Clovis (CLVS) was one of ASCO’s clear losers following safety issues for its lead program, CO-1686. Despite demonstrating robust efficacy in T790M+ lung cancer, hyperglycemia associated with the drug raised concerns about its ultimate market positioning vs. its close competitor, AstraZeneca’s (AZN) AZD9291. Continue reading
Seattle Genetics (+65% in 2013)
In 2013, Seattle Genetics’ (SGEN) Adcetris reached market saturation in its approved labeling (relapsed/refractory HL), shifting market attention to label expansion. These include DLBCL, where Adcetris showed impressive efficacy in highly refractory patients (42% response rate, PFS of 5 months) and CTCL (73% response rate). Adcetris is in phase III for earlier stages of HL as well as CTCL, which are viewed as the next opportunity to grow sales. The company will outline its registration strategy for DLBCL in early 2014. Continue reading
Below is a recap of interesting data expected to be presented at the Annual meeting of The American Society of Clinical Oncology (ASCO). This year’s meeting will have a strong focus on immunotherapy (PD-1 antibodies in particular) as well as novel oral agents for hematology. Companies for which important data are expected are reviewed as well.
PD-1 takes center stage
PD-1 antibodies are by far the hottest and most active field in cancer drug development. Although technically, all data to date were from phase I studies, there is wall to wall consensus that inhibitors of the PD-1 pathway will become a cornerstone in several cancer types and a $5-$10B franchise.
In the last post of the year, I will try to provide a status update as well as key 2013 milestones for the stocks in our portfolio. I would like to use this opportunity to wish everybody happy holidays and a happy New Year.
Seattle Genetics’ (SGEN) main task is expanding Adcetris’ use outside of approved niche indications (Hodgkin’s Lymphoma and ALCL). As an anti-CD30 antibody-drug conjugate (ADC), Adcetris has potential utility wherever CD30 is expressed by tumors. Continue reading
This is the second part of an article I posted back in April. The final list includes only 9 candidates, as one of the candidates (Seattle Genetics’ SGN-75) was taken off the list after generating fairly disappointing results at ASCO. Enjoy.
Micromet (MITI), who is developing antibodies for cancer, definitely has a potential game changer in its hands. The company’s lead agent, blinatumomab (Bmab), belongs to a new class of antibodies called BiTE (Bispecific T cell Engagers). These antibodies can harness the patient’s immune system to attack tumors by redirecting T cells (the most potent immune cells in the body) against cancer cells. BiTE antibodies achieve this by simultaneously binding a cancer cell on one side and an immune cell on the other. This unleashes a potent anti-tumor immune response. Continue reading
2011 is shaping up as a transformational year for Synta (SNTA), who is making progress on multiple fronts with its lead agent ganetespib (formerly known as STA-9090). Ganetespib is an Hsp90 inhibitor, a protein with a well recognized role in cancer. The concept of inhibiting Hsp90 to fight cancer goes back two decades, but all attempts have been beset by failures so far. As Synta’s ganetespib appears to be the first active and safe Hsp90 inhibitor, it is poised to make a big dent in the multibillion dollar oncology market. I discussed the history of Hsp90 inhibitors and Synta’s unique positioning in a previous write up.)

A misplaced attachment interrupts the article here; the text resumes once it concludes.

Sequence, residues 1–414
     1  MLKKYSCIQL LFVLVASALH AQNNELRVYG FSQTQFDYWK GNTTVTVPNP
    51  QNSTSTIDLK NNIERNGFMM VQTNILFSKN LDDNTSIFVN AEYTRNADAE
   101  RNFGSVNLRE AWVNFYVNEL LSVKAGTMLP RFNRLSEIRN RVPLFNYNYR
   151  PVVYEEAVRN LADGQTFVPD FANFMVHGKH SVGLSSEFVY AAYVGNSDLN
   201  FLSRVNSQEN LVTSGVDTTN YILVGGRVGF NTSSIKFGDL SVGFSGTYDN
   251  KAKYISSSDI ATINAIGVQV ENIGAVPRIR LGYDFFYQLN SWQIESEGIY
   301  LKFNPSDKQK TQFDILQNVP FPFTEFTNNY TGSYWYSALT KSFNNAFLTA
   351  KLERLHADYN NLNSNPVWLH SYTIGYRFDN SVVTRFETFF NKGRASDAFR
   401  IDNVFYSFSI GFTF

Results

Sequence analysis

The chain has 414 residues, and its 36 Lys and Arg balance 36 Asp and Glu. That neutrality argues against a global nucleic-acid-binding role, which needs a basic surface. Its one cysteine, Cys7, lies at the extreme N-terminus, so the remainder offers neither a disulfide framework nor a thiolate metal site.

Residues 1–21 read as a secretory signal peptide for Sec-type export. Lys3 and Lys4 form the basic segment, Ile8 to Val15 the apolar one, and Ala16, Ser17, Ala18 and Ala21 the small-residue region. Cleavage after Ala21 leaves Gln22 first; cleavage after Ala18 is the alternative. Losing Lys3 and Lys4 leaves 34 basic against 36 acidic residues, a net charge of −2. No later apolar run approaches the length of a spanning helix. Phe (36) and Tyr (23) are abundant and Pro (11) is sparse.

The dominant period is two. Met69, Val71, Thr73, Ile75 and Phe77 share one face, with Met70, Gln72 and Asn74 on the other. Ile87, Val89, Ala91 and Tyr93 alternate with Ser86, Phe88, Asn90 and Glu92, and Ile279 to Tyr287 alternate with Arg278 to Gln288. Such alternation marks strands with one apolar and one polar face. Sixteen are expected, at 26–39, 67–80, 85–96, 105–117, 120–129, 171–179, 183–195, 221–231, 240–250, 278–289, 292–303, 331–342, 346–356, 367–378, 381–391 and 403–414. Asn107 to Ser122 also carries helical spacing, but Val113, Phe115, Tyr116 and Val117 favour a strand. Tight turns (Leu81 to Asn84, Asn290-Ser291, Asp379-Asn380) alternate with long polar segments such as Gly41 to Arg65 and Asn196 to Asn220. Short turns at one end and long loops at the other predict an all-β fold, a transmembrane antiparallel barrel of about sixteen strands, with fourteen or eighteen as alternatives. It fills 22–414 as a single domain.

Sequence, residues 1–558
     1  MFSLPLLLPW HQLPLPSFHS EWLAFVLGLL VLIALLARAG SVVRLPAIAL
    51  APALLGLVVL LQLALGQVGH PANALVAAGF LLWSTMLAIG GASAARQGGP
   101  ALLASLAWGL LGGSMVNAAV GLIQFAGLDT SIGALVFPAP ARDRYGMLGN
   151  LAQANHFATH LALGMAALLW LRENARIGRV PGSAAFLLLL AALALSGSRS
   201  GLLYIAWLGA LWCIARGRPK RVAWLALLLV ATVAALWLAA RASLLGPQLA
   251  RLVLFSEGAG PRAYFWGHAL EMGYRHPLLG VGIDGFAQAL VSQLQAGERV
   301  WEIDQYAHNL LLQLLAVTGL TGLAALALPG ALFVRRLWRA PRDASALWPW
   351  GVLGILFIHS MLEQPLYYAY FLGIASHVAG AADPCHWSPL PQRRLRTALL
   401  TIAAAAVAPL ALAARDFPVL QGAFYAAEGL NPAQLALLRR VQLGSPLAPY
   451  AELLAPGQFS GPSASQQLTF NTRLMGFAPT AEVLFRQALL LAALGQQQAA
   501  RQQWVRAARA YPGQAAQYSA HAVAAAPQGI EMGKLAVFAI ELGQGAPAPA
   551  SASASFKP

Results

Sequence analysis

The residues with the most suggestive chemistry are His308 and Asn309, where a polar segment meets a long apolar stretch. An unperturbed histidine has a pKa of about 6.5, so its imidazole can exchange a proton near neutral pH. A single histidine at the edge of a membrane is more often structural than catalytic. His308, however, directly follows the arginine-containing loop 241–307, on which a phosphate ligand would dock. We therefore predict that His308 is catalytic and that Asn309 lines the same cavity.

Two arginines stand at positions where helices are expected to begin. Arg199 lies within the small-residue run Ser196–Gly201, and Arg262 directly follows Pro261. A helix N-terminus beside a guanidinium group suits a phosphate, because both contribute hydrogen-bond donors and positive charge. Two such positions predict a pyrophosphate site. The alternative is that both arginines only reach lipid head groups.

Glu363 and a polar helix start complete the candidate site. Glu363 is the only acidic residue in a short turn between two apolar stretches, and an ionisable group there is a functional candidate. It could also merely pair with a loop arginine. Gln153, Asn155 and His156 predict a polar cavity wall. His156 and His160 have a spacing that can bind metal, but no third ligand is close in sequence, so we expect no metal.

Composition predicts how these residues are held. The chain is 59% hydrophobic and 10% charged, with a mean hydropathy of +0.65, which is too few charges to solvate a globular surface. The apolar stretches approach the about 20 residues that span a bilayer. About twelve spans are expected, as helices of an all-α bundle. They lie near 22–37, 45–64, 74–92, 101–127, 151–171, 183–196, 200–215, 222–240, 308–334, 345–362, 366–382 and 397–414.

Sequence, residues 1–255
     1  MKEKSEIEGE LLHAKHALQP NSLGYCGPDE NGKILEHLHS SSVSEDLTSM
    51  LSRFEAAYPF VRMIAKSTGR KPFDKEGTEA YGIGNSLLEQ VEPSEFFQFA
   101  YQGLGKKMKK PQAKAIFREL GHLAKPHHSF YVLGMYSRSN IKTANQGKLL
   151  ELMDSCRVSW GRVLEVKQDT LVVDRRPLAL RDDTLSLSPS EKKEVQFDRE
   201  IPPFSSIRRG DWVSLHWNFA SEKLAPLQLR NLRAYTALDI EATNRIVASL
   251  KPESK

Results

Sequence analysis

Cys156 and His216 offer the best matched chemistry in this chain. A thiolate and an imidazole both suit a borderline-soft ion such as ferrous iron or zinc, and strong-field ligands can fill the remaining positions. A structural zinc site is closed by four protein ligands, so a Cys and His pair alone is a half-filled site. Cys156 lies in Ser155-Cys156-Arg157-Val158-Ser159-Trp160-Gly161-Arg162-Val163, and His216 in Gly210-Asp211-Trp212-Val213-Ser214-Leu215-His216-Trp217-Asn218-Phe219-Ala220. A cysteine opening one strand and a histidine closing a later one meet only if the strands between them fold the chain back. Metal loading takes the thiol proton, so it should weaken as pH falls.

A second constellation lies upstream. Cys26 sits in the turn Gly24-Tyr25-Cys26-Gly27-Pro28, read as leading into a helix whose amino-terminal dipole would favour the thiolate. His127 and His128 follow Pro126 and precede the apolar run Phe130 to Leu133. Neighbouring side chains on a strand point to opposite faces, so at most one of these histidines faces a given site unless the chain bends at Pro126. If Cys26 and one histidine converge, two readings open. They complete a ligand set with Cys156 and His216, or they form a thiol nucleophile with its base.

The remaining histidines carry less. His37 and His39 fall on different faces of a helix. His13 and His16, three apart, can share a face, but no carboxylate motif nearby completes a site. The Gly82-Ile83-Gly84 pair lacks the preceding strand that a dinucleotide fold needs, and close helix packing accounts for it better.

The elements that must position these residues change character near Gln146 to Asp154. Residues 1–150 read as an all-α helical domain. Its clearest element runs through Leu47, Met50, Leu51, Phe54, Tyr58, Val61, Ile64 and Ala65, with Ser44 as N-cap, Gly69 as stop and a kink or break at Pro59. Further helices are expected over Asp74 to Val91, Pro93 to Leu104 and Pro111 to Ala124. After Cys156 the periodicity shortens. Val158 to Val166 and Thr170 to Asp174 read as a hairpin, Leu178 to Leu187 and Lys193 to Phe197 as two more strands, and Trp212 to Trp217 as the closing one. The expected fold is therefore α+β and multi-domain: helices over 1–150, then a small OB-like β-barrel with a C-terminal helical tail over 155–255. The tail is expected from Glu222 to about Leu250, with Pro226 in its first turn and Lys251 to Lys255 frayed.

The past six months have not been kind to microcap biotech stocks, as it is hard to find a lot of love in today’s market for tiny, high risk, cash burning biotech companies. Honestly, who can blame investors for throwing stocks that offer a distant dream with minimal success rates and heavy spending? Surprisingly (or not), the negative sentiment also presents unprecedented opportunities in the microcap arena, as some microcaps are making tremendous progress, which is not yet reflected in their stock prices.
There are quite a few companies with market cap under $100M active in the fields of oncology and inflammatory diseases, the two fastest growing segments in the pharmaceutical industry. Hypothetically, these companies represent huge upside potential in the form of imaginary returns over a period of several years. The issue with these companies is that they usually have only one or two drugs in very early stages, the vast majority of which are doomed to eventually fail. While identifying the right drugs based on concrete clinical data is complicated but possible, evaluating drugs based on earlier results is even more challenging. The idea is therefore to identify companies who have already reached proof of concept in humans, thus facilitating better visibility to investors. Since investors today focus primarily on risk mitigation, they typically ignore potential reward and shrug off any positive developments. This, in turn, may result in an “arbitrage-like” situation, where companies with a potential success rate of 25% are traded as if they had a potential success rate of 10%, simply because the progress they have made is not factored into stock price.